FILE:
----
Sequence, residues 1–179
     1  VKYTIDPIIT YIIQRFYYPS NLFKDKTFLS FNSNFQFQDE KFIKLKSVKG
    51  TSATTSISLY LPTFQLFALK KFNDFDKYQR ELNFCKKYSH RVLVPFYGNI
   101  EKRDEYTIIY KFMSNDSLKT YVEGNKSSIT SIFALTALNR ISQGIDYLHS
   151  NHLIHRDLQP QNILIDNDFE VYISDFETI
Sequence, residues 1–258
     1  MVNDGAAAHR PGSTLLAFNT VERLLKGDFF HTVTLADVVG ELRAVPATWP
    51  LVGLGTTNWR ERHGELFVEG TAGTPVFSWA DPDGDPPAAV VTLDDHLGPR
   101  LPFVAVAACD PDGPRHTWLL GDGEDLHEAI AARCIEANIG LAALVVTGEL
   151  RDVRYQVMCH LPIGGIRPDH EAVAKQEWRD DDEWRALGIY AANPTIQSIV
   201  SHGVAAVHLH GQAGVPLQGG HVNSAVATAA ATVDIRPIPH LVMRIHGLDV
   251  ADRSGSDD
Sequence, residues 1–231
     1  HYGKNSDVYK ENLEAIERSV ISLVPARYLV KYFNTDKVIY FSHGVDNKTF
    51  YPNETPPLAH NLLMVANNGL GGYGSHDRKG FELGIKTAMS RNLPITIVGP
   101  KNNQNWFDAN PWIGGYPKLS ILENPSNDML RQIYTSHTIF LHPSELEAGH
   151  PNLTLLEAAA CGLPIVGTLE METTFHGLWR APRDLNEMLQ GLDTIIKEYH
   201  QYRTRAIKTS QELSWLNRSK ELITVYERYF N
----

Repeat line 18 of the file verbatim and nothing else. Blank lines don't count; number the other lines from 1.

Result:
   201  QYRTRAIKTS QELSWLNRSK ELITVYERYF N